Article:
It's St. Patrick's Day in Toledo and you feel like celebrating. You've got the luck of the Irish. Your "Kiss me, I'm Irish" button stands at the ready. Make no blarney about it, you are ready to roll. But once you've had your fill of traditional Jiggs dinners, Irish bands, and people dressed in green, you may be ready for something different. Consider this Irish-inspired tour of the area to get you started.
This Gothic downtown structure, where Mass was first celebrated in 1899, has a beautiful interior marked by a floor inlaid with shamrocks. Its counterpart in Dublin, St. Patrick's Cathedral, is considerably older, dating back to the 13th century. St. Patrick is believed to have baptized converts at a well once existing in the neighboring park, which is why a church has stood at the site since the 5th century.
Some of the kids who play in this recreation league for ages 3 through 14 may be about the same size as the tiny figures of Celtic folktales. Catch one of these little soccer players, though, and you're unlikely to end up with a pot of gold. There are other differences too, as you'll learn if you go to the National Leprechaun Museum, which opened in Dublin this month.
Want to start learning a little Gaelic, an official language in Ireland? Head over to the library and check out The Gaelic-English Dictionary. When you're done poking through the book, you can celebrate by toasting "Slainte!," the way the Irish say "cheers." It means "health."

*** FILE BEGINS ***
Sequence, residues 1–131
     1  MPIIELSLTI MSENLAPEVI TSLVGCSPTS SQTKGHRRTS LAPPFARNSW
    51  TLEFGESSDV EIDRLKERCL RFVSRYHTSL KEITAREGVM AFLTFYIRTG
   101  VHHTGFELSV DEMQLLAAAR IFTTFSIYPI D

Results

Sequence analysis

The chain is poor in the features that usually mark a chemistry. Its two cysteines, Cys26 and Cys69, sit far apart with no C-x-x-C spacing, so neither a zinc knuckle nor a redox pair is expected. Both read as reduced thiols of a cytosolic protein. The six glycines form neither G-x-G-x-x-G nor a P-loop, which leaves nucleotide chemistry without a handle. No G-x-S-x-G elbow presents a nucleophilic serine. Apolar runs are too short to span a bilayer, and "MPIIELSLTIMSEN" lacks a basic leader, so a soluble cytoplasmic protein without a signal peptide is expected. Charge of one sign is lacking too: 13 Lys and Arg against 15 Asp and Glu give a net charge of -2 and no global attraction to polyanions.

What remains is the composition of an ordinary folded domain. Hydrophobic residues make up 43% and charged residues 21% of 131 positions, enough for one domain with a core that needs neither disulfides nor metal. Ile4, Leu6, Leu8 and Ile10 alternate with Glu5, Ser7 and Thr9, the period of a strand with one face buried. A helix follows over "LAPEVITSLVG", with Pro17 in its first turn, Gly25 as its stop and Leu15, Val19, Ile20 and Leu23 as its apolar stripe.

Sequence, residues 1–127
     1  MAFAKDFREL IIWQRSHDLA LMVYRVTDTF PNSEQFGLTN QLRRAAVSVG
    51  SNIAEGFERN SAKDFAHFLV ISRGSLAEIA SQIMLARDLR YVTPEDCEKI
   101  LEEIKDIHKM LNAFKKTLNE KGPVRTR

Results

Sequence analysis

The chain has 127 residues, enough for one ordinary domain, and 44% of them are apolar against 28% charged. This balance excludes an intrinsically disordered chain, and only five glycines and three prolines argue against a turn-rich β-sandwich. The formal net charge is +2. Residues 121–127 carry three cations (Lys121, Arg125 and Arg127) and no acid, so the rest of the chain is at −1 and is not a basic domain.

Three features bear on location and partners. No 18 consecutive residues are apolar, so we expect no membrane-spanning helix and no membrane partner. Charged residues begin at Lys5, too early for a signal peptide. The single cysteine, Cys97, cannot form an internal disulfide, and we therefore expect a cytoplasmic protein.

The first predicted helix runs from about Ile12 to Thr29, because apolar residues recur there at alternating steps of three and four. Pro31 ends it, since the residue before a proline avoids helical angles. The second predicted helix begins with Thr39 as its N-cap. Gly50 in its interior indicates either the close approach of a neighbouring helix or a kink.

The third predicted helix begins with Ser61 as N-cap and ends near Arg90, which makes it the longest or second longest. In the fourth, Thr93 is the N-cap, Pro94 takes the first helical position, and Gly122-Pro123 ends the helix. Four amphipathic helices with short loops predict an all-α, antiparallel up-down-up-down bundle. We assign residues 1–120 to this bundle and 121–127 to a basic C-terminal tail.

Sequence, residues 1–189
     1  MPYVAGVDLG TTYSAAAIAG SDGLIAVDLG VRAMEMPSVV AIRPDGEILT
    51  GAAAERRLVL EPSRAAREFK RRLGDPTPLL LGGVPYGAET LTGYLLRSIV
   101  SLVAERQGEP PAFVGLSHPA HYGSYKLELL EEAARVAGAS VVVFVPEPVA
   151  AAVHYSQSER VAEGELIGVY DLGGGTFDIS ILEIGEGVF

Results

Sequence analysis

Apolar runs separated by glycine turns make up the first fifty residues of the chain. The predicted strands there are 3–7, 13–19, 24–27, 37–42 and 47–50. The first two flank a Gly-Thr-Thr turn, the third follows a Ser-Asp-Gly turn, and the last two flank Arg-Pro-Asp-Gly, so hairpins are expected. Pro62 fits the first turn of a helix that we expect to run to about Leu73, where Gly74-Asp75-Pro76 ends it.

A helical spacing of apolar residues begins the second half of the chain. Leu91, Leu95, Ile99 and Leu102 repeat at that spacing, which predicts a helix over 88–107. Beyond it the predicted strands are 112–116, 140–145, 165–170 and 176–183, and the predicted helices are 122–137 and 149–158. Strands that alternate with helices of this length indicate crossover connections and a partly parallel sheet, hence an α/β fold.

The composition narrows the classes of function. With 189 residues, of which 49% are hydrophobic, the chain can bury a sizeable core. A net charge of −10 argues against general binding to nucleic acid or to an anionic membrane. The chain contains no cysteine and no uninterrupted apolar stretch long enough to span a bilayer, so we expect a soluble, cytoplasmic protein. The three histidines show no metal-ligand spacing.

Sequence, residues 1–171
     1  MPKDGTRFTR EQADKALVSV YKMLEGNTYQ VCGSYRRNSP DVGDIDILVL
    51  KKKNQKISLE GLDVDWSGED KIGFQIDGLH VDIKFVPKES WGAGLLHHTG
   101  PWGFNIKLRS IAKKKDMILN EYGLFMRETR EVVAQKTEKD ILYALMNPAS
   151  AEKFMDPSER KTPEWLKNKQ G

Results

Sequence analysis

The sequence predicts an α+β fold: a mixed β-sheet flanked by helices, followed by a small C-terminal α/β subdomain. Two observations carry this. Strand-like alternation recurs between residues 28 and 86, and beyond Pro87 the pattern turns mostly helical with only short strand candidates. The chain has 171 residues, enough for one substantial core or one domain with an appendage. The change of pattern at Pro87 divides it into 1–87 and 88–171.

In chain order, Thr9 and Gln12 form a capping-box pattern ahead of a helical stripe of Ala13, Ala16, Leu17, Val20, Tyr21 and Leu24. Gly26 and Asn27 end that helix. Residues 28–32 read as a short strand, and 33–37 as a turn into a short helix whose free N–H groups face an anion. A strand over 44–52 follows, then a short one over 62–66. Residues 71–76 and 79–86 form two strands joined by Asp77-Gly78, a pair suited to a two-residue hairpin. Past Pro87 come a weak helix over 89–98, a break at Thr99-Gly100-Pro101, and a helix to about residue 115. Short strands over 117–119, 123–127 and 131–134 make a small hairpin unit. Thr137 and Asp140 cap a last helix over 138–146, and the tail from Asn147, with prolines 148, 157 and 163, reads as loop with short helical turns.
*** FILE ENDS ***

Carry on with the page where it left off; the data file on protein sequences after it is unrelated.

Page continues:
Ireland may be known as the Emerald Isle, but Toledo has its own emerald aisle (in the summer, at least, when things are green around here) providing access through one West Toledo neighborhood. Just make sure that you don't drink and drive when you visit - keep that Shamrock Shake in the cup holder.
What are the odds that Ireland's most esteemed novelist has settled in northwest Ohio? Not good, given that the author of Finnegans Wake died in 1941, but at least several area residents carry his name. One of them, a 72-year-old whose son also is a James Joyce, has all the bona fides, including Irish ancestry and familiarity with some of the author's works. Just don't ask him to explain Ulysses.
If your hunger for all things Ireland still hasn't been satisfied, the solution may be crystal clear. At the museum's Glass Pavilion you can contemplate American Dale Chihuly's strange chandelier Campiello del Remer #2. It may not sound Irish or look Irish, but the glass elements of the sculpture were made at the Waterford Crystal Factory in Ireland.
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